Director: William Friedkin
Screenplay: Tracy Letts
Based on a Play by: Tracy Letts
Starring: Matthew McConaughey, Emile Hirsch, Juno Temple, Thomas Haden Church, Gina Gershon
Producers: Nicolas Chartier, Scott Einbinder
Running Time: 102 min
BBFC Certificate: 18
William Friedkin is one of those directors whose name you associate with the greats – he made The Exorcist and The French Connection which is enough to justify this. However, when you look through his filmography, he never got anywhere near to the critical or commercial success of those iconic 70’s movies and in the 90’s and 00’s he drifted off into relative obscurity with a number of flops and forgettable titles under his belt. In 2012 though, at almost 80 years old, rather than calling it a day, the director unleashes Killer Joe, a greasy slap in the face to those that thought he had sold out and given up.
Killer Joe is a kind of Texan trailer-trash ‘neo-noir’. Chris (Emile Hirsch), a down and out drug dealer, owes money to a local kingpin, so talks his loser dad Ansel (Thomas Haden Church) into a scheme to get his mother (Ansel’s ex-wife) killed so that they can share the insurance money. To do this ‘cleanly’ they hire ‘Killer Joe’ (Matthew McConaughey), a police detective that moonlights as a hitman. However, Chris and Ansel don’t have the collateral to make the appropriate forward payment for Joe to do the deed, so they allow him to take Chris’ sister Dottie as a ‘retainer’. Joe and Dottie start to form a peculiar relationship though and as the deal predictably goes sour, Joe works to make sure he still gets what he wants.
This is a nasty, seedy little film. Opening in a thunder storm with the viscous family dog snarling at the camera, within a minute we see Gina Gershon’s bush on full display and within five we’re down at a strip joint. This is a film inhabited by trash-talking, alcoholic, drug-dealing, wife-beating low lives and has enough sexual abuse and violence to warrant its 18 certificate (something which isn’t often handed out these days). Away from some of its darkest moments it is, however, quite a lot of fun – in its loosest sense of course. It reminds me a lot of Oliver Stone’s U-Turn, which I’ve always thought was an underrated gem. Both films have a lot of energy, garish visuals (although Friedkin doesn’t suffer from as ADD like Stone) and an unpleasant edge to proceedings. Killer Joe’s plot doesn’t get as complicated as U-Turn’s and gets nastier towards the end, but it definitely gave off that vibe.
Although it reminded me of that film and it does borrow a number of elements from your standard crime thrillers and neo-noirs, Killer Joe is a fairly unique experience. It never quite goes in the directions you suspect, turning from a standard thriller into a sick love story and a disturbing take on the American family unit. The twisted finale in particular is quite a head turner and you’ll never look at a chicken drumstick in the same way again.
This originality is largely down to the fantastic script by Tracy Letts. As mentioned, the film doesn’t get as complicated as you might suspect from the set-up, it’s quite a simple affair, but the dialogue and some of the more unusual scenes bring out a sick sense of humour that makes for something special. It’s the sort of thing that could become quite quotable should it ever get more of a following (I don’t think it particularly set the box office on fire).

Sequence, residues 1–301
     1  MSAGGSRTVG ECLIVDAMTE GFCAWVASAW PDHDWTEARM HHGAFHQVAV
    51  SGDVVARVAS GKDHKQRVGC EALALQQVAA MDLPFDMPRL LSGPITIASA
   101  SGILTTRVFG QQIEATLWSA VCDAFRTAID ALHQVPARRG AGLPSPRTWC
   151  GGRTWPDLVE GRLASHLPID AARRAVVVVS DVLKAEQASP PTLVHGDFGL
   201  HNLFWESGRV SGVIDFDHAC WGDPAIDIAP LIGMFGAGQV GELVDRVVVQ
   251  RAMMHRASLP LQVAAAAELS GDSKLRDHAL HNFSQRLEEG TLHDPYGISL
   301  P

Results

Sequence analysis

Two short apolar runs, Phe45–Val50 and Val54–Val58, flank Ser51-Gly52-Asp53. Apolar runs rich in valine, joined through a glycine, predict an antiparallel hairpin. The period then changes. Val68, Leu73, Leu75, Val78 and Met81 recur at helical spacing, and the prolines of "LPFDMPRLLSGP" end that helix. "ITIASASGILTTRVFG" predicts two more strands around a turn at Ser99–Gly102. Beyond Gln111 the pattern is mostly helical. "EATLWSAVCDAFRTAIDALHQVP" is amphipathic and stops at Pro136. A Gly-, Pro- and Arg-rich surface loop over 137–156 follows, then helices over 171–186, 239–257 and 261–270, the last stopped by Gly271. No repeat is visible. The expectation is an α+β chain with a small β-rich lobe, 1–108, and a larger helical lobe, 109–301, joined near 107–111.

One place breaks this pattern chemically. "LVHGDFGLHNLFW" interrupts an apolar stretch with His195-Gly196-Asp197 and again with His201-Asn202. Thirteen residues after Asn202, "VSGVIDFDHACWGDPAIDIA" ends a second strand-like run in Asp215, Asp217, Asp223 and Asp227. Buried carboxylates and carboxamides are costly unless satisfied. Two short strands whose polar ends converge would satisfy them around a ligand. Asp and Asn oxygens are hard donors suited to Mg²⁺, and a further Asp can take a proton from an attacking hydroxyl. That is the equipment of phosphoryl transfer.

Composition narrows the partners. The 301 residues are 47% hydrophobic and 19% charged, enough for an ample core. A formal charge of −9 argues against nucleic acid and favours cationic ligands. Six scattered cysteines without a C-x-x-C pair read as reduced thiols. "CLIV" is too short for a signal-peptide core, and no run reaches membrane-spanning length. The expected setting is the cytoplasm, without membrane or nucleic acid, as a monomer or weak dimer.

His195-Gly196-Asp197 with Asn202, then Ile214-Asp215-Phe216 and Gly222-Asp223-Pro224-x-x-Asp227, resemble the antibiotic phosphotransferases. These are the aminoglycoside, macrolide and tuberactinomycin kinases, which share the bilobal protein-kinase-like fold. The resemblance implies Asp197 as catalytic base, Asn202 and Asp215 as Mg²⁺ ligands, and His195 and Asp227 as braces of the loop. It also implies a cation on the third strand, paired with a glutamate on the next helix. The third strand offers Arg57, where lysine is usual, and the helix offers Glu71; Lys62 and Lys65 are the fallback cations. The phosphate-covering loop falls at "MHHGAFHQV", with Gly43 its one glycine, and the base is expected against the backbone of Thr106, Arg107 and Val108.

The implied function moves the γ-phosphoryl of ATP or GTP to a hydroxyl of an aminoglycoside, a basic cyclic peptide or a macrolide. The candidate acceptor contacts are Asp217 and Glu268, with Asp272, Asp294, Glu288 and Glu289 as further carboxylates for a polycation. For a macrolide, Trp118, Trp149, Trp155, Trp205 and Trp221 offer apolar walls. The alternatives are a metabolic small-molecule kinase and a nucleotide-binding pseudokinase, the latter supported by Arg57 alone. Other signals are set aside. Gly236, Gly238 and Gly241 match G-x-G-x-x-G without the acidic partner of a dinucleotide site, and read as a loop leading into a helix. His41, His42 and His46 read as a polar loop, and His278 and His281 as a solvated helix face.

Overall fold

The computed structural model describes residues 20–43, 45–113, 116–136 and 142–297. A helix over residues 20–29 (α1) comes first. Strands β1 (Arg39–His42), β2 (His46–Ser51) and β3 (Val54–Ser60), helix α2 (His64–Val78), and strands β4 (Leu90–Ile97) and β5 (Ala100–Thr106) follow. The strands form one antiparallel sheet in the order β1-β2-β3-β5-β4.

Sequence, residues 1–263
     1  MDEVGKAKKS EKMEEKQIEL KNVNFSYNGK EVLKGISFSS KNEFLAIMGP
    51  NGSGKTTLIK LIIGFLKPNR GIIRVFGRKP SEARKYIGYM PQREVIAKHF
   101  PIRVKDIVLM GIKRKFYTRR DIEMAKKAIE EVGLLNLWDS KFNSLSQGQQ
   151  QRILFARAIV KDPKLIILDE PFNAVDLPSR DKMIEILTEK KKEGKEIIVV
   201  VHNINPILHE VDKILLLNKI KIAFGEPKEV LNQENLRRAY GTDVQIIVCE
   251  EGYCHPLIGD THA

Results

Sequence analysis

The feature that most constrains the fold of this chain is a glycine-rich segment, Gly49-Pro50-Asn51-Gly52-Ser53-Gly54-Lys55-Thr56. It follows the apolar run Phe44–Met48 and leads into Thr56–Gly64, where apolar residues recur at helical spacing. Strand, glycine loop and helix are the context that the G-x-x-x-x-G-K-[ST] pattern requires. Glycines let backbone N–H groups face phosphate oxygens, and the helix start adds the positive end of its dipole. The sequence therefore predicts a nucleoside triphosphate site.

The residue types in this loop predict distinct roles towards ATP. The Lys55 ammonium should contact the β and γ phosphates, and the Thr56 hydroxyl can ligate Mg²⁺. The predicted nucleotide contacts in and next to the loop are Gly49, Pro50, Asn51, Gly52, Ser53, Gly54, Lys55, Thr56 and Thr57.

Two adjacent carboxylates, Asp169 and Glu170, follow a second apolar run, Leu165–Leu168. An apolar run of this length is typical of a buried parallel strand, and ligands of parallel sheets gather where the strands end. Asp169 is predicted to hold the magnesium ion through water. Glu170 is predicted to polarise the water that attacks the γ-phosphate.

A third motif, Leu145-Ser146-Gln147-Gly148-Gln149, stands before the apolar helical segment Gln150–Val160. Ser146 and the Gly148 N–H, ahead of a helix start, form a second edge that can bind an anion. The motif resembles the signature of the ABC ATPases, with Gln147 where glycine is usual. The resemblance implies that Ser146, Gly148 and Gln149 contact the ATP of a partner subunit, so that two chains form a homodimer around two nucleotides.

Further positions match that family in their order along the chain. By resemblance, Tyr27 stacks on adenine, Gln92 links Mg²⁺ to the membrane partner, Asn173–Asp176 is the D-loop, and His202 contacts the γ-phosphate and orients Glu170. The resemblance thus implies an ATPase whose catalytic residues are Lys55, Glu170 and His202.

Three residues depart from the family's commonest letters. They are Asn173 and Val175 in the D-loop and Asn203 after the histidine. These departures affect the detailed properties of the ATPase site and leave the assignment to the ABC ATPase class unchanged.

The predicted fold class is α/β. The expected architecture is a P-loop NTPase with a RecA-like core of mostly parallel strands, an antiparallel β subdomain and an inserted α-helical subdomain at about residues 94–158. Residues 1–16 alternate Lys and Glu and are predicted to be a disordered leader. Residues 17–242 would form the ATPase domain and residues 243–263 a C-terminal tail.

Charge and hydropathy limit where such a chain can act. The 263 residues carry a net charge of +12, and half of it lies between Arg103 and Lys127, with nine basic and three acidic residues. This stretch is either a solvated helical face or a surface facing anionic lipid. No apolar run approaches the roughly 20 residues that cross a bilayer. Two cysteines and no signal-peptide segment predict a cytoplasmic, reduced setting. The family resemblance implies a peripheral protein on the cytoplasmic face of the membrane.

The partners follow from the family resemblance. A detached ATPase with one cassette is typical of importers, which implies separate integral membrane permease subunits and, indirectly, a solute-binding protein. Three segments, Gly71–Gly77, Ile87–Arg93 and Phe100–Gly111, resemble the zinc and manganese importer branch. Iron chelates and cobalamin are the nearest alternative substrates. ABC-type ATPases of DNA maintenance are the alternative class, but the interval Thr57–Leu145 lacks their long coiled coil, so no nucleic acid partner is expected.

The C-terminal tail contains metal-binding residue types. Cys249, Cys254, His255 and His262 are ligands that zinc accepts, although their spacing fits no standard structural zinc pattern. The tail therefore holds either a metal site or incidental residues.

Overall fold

Making the dialogue truly shine through is a fantastic cast. The central family seem cartoony at first, but once you get into the tone of the film you realise they fit the bill perfectly, with the two leading ladies Gina Gershon and Juno Temple in particular making the most of their roles as Ansel’s abhorrent current wife and the only ‘good’ and ‘innocent’ character in the film, Dottie. Most impressive however is Matthew McConaughey. After a decade of slumming it in rom-coms he’s finally being put to good use here. He’s perfect as the charismatic, but terrifying Joe. He expertly delivers seemingly innocuous lines with undertones of menace and/or charm throughout the film. He’s the best reason to watch it and you kind of miss him when he’s not on screen. If the Academy had any balls or taste they’d give him a nod at next year’s Oscars, but that isn’t likely to happen (they might give him a supporting nomination for Magic Mike though).
It isn’t a flawless film. Sometimes it gets a bit too unpleasant and its dark humour won’t register for many. It feels a little rushed at times too, with the finale, although memorable, not necessarily feeling all that satisfying. For me though, this is a boldly lurid film that isn’t afraid of knocking the audience around a bit to offer up something snappy and seedily entertaining without sacrificing the core elements of a decent script and performances.
Killer Joe is out on November 5th in the UK on DVD and Blu-Ray, released by Entertainment One. I watched the film through an online service so I can’t comment on the picture quality. As for features, you get a couple of pieces. Most worthwhile is a 19 collection of soundbytes from the lead cast and Friedkin himself. These short interviews are fairly interesting, especially when we hear from the director, but most of the time it’s a bit of a love-in. The other feature is 15 minutes of B-Roll behind the scenes footage. This isn’t of much value, it’s just a handful of random clips and I could barely sit through it it’s that dull.